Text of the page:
Trichosirocalus horridus (Panzer)
The eggs are laid in punctures made by the female on the underside of the leaves. Eggs incubation time is about 13 days. Females may laid up to 2,000 eggs. Larvae feed on the leave petiole and move down to the crown of the thistle rosette. They feed at the growing point of the thistle at the root-stem junction. Damaged tissues turn black and the plant growth will be distorted with multiple growing tips resulting. The larval stage can last from 40-164 days. Much of the damage from the weevil larvae is done in the spring of the year. Pupae are formed in the soil near the rosette and lasts about 18 days. Adults emerge in late June to July. They feed on the plant but spend most of the summer in hibernation. The adults become active in late September and begin oviposition. There is one generation per year.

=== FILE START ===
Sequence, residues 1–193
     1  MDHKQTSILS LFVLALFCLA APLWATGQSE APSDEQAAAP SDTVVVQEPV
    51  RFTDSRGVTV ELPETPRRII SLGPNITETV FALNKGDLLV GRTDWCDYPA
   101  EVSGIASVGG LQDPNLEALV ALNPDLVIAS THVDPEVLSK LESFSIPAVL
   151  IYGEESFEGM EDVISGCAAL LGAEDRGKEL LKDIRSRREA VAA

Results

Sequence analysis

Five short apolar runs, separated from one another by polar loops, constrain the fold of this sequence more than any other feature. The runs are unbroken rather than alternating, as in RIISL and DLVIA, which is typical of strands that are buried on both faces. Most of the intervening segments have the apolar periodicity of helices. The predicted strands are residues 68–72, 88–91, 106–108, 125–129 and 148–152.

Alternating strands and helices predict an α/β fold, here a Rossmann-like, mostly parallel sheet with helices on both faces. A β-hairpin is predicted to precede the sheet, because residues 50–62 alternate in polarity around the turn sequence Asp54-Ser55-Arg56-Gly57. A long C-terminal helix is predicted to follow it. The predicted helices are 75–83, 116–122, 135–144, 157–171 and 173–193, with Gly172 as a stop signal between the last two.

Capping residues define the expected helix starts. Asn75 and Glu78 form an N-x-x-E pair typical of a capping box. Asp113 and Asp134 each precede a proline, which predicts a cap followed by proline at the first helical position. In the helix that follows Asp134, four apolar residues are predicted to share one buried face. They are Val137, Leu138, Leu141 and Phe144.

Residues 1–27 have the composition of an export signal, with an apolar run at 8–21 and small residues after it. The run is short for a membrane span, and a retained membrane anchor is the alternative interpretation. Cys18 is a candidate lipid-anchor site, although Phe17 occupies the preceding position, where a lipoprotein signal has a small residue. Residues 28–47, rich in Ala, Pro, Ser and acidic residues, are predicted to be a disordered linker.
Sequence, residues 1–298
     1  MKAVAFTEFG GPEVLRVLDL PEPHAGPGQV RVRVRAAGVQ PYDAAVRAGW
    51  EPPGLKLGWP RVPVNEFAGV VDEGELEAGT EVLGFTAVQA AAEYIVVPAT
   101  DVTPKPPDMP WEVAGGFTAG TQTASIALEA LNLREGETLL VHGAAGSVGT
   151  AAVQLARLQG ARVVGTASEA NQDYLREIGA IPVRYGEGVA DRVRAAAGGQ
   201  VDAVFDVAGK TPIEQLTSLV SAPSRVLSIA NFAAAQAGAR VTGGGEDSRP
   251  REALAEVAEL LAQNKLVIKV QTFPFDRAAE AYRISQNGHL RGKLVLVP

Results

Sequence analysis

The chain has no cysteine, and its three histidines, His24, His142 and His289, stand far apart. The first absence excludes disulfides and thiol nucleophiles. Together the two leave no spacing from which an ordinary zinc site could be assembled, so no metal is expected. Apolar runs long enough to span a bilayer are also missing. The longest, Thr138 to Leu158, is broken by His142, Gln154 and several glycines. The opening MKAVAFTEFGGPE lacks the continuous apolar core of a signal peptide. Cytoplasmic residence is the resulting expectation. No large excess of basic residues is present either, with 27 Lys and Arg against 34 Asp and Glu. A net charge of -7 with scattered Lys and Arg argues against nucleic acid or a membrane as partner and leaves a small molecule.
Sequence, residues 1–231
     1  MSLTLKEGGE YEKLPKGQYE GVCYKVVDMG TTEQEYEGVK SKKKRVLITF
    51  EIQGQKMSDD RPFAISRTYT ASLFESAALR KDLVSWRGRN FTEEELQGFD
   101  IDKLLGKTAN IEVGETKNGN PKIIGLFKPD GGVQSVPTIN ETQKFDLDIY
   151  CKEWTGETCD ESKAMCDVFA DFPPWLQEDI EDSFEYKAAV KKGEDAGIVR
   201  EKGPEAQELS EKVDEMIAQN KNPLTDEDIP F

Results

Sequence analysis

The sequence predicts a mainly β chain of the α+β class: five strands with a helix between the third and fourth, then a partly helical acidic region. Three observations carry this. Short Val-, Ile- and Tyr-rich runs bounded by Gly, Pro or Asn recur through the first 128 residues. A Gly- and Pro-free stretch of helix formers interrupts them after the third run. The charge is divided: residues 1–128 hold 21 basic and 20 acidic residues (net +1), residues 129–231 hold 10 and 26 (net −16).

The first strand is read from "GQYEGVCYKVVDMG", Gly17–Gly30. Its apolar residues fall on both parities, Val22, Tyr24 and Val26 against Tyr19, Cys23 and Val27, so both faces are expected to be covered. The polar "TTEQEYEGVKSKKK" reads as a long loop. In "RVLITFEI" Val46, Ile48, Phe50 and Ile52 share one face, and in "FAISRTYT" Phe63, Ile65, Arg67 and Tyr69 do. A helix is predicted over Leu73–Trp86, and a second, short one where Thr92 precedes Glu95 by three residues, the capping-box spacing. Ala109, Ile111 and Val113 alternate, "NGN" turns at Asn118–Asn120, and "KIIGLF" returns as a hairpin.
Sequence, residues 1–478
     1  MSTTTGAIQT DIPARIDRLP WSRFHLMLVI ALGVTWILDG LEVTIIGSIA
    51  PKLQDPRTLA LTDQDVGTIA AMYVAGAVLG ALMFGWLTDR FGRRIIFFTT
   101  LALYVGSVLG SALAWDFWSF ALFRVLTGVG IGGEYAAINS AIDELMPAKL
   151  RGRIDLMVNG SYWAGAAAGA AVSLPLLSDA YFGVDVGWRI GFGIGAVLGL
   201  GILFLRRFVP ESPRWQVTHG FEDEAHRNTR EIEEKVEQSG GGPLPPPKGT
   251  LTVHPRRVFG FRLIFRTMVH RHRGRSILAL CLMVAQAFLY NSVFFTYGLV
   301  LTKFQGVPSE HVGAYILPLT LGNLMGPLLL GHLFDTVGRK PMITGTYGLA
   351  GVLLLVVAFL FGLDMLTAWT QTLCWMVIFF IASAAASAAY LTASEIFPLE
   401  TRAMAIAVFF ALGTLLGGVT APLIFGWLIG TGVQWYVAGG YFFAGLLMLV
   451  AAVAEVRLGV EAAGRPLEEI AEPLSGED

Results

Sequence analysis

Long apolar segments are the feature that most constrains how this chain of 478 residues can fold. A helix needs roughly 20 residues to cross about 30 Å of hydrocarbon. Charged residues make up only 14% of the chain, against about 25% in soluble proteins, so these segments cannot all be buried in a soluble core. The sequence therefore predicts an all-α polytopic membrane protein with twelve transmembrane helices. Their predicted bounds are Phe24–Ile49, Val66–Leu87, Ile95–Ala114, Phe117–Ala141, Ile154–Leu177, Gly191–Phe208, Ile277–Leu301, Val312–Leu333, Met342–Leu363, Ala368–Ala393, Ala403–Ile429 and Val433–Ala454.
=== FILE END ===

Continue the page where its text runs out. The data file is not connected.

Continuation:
This weevil is native to western, central, and southern Europe. It was originally imported from Italy and first released in Virginia in 1974. It is now established in several states from Virginia to Washington. There is no record of establishment in Texas
Releases were made at three locations in Kerr County in 1987. In 1994, 400 weevils were released near Harper, Gillespie County. In 1995, 400 weevils were released near Hereford, Deaf Smith County, and 250 at Jake Landers’ Ranch in Menard County. No establishment has been documented from any release in Texas.
Sweep nets can be used to collect the adult weevils in July. Adults can be shipped in cardboard cartons with leaves if the containers are kept cool. Eggs can be collected by hand in the early spring before the plants bolt. Eggs may be stored at 4EC for up to three months.
Damage by this insect is seldom very effective by itself. It does contribute to damage if used in conjunction with other agents.
Most thistles in the subtribe Carduinae are affected including: musk thistle, Carduus nutans complex; plumeless thistle, Carduus acanthoides; Italian thistle, Carduus pycnocephalus; Canada thistle, Cirsium arvense; bull thistle, Cirsium vulgare; and Scotch thistle, Onopordum acanthium.
Rees, N. M., J. L. Littlefield, W. I. Bruckart, and A. Baudoin. 1995. Trichosirocalus horridus. In Biological Control of Weeds in the West. Western Society of Weed Science.